Atticus Finch Father Development

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To Kill a Mockingbird by Harper Lee is a well-known coming-of-age novel that showcases many characters that experience different life lessons, which develops the maturity within some characters. In the novel, there is a strong father and son relationship that deepens as the story progresses, showing how much a parent impacts their child’s development. Jem Finch is a prime example of how Atticus Finch’s ways of raising his children differ compared to most parents. Atticus guides both his children, Jem and Scout, throughout life but also trusts them enough to give them room to let them mature and grow into the person they chose to be. Harper Lee showcases the bond between Atticus and Jem by engraving certain stylistic writing techniques such…show more content…
The best form of syntax Harper Lee uses is the way the town of Maycomb views the way Atticus raises his children. The fact that Atticus Finch is defending a colored man whose life is on the line due to the prejudice against him within the town, most view Atticus Finch’s parenting styles to be wrong, similar to Miss Dubose’s view. “A lovelier lady than our mother never lived, she said, and it was heartbreaking the way Atticus Finch let her children run wild” (Lee 100). Despite most being inflicted by the usual ‘Maycomb disease’ of racism, there were few that were not and still viewed Atticus as a respectable man. When in fact, Miss Maudie fell in with the few as she mentions “Atticus Finch is the same in his house as he is on the public streets” (Lee 46). Both sentences were altered in a way that fit the person’ view…show more content…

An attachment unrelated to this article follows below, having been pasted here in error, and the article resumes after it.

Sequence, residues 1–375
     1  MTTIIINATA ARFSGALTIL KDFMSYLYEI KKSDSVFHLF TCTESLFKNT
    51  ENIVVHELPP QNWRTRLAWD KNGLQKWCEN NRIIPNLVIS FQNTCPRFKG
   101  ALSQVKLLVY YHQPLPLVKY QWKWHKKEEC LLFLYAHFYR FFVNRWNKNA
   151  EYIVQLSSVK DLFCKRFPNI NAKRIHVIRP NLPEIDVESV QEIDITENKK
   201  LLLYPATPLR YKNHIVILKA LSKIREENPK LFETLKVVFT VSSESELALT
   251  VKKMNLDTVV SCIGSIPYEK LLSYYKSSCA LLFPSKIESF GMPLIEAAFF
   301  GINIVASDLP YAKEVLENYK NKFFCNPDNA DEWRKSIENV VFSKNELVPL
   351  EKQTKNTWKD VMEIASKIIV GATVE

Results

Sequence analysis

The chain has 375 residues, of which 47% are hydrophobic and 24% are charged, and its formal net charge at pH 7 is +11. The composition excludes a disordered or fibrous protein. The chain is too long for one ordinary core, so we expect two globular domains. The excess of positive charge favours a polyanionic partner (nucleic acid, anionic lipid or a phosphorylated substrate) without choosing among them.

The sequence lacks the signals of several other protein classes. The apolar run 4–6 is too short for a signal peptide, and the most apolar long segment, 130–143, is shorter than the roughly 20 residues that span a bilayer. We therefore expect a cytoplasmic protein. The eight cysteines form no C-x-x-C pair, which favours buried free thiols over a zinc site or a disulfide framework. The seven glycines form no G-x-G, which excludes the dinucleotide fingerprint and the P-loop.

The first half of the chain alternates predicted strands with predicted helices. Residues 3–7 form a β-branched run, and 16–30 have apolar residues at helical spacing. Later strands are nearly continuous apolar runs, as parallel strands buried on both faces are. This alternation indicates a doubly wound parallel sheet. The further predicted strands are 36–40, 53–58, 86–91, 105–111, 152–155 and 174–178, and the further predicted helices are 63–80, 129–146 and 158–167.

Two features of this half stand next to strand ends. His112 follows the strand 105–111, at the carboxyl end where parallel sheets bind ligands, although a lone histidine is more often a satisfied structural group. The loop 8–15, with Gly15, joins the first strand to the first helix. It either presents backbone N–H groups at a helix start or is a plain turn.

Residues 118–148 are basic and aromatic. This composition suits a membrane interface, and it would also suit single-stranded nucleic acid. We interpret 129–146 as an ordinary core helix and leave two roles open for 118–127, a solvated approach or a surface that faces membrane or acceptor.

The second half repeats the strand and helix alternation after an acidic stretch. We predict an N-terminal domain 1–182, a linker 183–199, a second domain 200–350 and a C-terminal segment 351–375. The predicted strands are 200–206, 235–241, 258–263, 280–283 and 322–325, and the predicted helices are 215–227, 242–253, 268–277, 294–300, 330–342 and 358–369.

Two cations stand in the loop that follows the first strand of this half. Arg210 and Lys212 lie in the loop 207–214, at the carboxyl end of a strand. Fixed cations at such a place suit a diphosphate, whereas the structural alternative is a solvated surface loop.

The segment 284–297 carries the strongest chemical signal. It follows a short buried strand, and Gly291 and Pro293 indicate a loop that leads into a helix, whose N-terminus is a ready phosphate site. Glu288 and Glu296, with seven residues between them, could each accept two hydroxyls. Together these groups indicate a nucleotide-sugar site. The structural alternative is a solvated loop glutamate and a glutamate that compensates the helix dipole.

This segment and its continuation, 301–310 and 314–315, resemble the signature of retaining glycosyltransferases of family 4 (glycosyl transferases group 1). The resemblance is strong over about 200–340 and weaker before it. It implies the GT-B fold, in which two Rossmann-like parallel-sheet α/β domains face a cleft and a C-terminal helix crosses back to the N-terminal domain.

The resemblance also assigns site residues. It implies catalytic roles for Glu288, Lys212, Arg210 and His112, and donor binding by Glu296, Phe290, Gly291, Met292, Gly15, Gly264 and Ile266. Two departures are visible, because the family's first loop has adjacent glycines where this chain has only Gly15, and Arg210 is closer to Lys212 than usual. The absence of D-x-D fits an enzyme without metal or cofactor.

In the relationship between Atticus and Jem, it is clearly emphasized on numerous occasions through dialogue that Atticus wants his children to continue to trust him. It is shown through Atticus’s conversations with other adults and Jem’s conversations with Scout. One clearer moment of Atticus’s need for the children’s trust is when he is in an argument with Sheriff Heck Tate about the cause of Bob Ewell’s death Atticus claims, “ If this thing’s hushed up it’ll be a simple denial to Jem of the way I’ve tried to raise him. Sometimes I think I’m a total failure as a parent, but I’m all they’ve got. Before Jem looks at anyone else he looks at me, and I’ve tried to live so I can look squarely back at him . . . if I connived at something like this, frankly I couldn’t meet his eye, and the day I can’t do that I’ve lost him. I don’t wanna lose him and Scout, because they’re all I’ve got” (Lee 247). Harper Lee mentions this frequently due to Atticus being a role model for his children. To Scout and especially Jem, he is seen as an honest man who they can trust to have the right idea of the world. If he is seen hindering the truth, who else would Jem and Scout turn to when they are lost in the bitter confusion? Harper Lee deliberately shows through dialogue the readers that Atticus knows how highly Jem and Scout think of him and of how he doesn’t want to damage that. In addition, it is also
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